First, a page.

New York: Exercise that targets a weak region of the hipbone may help prevent fractures, but simple walking will not, new research indicates.
As people age, the outer “cortical” layer of bone in the hipbone or upper femur thins, making the hip more prone to fracture, says a report in The Lancet medical journal.
The findings are based on a CT scan analysis of 77 femurs from people between 20 and 95 years of age after their death from non-bone related causes.
Substantially thinning of the cortical layer in the neck of bone that connects the hip “ball” to the rest of the thighbone was observed with aging, Dr. Jonathan Reeve, from Addenbrooke’s Hospital in Cambridge, UK, and colleagues found.
After 60 years of age, bone thickness in this zone fell by 6.4 percent per decade, the report indicates.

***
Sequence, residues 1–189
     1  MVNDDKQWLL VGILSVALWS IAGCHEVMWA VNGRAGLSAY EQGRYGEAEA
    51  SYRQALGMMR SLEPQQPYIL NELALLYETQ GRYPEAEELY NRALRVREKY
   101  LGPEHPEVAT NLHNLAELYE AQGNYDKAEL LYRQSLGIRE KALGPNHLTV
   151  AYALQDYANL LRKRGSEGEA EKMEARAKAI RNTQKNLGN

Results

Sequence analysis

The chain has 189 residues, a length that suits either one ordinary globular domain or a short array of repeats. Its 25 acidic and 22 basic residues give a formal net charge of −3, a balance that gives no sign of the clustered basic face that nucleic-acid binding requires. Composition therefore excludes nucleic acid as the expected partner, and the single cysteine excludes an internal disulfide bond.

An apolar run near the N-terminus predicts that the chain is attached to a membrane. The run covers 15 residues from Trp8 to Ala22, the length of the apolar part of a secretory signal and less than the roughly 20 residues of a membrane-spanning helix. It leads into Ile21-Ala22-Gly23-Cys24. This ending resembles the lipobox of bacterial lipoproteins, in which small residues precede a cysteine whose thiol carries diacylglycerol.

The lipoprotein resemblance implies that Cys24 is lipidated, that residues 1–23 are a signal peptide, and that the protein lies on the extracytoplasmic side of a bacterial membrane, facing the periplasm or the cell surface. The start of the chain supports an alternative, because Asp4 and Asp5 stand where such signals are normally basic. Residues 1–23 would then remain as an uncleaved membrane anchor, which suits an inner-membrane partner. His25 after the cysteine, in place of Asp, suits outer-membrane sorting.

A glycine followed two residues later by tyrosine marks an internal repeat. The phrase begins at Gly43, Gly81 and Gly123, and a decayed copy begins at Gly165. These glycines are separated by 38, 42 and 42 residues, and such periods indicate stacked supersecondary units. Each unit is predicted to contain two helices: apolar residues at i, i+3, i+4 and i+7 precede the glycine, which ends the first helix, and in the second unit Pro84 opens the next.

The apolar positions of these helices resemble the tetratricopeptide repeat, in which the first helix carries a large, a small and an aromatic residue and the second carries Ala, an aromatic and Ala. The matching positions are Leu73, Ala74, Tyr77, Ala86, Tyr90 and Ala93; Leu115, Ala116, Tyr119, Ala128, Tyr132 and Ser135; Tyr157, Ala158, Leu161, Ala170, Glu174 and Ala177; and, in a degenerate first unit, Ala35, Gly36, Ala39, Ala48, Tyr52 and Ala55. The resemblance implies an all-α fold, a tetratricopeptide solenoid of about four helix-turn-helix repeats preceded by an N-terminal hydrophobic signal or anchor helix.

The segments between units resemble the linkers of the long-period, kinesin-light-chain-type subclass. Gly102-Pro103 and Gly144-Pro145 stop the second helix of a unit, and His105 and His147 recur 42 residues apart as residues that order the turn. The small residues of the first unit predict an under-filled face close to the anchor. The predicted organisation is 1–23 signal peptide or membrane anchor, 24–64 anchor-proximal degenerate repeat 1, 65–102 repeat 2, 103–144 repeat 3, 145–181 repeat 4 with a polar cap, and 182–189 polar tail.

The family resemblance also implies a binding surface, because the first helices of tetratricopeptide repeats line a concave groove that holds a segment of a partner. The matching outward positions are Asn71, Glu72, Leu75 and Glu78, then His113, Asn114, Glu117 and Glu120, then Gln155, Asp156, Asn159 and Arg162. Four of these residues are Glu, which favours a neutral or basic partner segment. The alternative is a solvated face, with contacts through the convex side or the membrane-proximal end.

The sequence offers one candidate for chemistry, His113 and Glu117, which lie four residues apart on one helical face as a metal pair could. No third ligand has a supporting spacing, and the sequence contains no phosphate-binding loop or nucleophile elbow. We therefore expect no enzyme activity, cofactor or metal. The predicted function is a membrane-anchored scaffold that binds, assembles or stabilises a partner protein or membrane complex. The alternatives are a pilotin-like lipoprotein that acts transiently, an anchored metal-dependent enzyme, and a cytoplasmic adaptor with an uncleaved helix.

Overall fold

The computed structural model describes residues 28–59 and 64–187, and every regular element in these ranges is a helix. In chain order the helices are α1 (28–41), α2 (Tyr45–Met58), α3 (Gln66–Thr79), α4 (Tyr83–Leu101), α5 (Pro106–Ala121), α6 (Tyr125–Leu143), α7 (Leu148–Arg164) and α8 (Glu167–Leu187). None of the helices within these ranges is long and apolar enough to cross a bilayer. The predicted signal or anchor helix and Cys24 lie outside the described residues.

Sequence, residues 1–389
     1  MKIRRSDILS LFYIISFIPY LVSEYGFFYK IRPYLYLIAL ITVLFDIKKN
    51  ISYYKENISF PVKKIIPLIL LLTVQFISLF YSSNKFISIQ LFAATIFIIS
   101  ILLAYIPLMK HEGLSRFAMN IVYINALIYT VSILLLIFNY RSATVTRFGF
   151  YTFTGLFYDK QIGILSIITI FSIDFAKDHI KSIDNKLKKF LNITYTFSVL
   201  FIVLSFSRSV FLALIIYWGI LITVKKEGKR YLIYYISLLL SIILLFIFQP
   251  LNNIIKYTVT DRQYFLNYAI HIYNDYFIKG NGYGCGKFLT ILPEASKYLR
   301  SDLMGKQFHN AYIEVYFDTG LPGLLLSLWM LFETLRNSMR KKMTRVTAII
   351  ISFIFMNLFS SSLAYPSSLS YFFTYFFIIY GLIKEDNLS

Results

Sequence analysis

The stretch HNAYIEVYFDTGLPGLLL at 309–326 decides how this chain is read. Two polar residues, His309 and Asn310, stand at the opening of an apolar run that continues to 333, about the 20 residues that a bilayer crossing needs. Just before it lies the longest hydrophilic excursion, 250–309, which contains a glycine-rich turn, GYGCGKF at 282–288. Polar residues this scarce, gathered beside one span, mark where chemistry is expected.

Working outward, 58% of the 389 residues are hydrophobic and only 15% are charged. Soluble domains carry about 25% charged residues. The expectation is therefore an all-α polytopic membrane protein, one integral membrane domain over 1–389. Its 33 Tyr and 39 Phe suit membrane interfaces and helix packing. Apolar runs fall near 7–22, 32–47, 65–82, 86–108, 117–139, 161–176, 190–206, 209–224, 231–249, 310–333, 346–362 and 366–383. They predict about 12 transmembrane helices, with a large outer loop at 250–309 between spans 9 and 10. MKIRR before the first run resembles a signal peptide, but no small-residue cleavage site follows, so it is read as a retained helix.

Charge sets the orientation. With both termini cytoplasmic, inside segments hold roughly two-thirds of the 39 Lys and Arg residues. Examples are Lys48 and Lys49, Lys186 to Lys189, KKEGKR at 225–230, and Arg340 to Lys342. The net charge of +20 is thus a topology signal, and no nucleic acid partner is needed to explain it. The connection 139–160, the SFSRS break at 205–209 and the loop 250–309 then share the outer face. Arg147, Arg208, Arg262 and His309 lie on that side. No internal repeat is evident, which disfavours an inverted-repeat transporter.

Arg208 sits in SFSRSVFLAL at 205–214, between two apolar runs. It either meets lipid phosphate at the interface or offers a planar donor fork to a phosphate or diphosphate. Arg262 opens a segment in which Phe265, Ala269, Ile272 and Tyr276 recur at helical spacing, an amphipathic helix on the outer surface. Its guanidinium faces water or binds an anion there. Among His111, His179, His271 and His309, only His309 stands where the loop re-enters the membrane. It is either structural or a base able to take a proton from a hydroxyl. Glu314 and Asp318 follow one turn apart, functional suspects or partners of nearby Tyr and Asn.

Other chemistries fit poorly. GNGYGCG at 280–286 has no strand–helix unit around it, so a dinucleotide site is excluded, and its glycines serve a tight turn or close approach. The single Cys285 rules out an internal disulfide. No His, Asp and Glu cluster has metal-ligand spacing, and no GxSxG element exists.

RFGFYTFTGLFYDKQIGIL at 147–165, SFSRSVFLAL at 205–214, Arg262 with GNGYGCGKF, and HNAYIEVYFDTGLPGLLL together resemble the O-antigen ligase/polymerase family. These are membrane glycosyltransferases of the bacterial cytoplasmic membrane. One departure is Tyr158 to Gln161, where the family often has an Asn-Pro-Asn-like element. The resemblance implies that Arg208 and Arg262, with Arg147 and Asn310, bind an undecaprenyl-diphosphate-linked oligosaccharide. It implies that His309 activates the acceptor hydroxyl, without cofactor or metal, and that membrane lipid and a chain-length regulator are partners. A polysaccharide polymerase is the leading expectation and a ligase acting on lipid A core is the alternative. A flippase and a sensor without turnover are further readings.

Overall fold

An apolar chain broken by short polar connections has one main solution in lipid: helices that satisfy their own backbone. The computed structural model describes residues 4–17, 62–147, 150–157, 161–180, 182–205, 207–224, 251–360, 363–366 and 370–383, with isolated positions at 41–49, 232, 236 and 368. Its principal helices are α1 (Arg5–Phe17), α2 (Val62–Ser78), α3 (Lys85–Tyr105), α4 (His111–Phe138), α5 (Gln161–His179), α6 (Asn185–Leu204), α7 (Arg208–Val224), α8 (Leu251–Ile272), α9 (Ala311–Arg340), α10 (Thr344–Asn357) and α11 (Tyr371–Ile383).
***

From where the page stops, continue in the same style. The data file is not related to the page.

Regardless of whether the bone-thinning disease osteoporosis was present or not, thinning in the cortical layer impaired the femur’s ability to absorb energy, making it more likely to break, the researchers note.
“Because walking does not sufficiently (condition the upper femur), the fragile zones in healthy bones may need strengthening, for example with more well targeted exercise,” the authors conclude.
They point out that while walking does not put a significant load the fragile area, other exercises that basically flex the hip joint do “involve extension of the upper femur under load.” These include cycling, sculling, gymnastics and weights.
In a related editorial, Dr. Charles H. Turner, from Indiana University in Indianapolis, notes that the present report provides “a compelling argument for more diligent assessment of the regional patterns of bone loss in the (upper femur) and point to the need for targeted interventions that strengthen bone” in this area.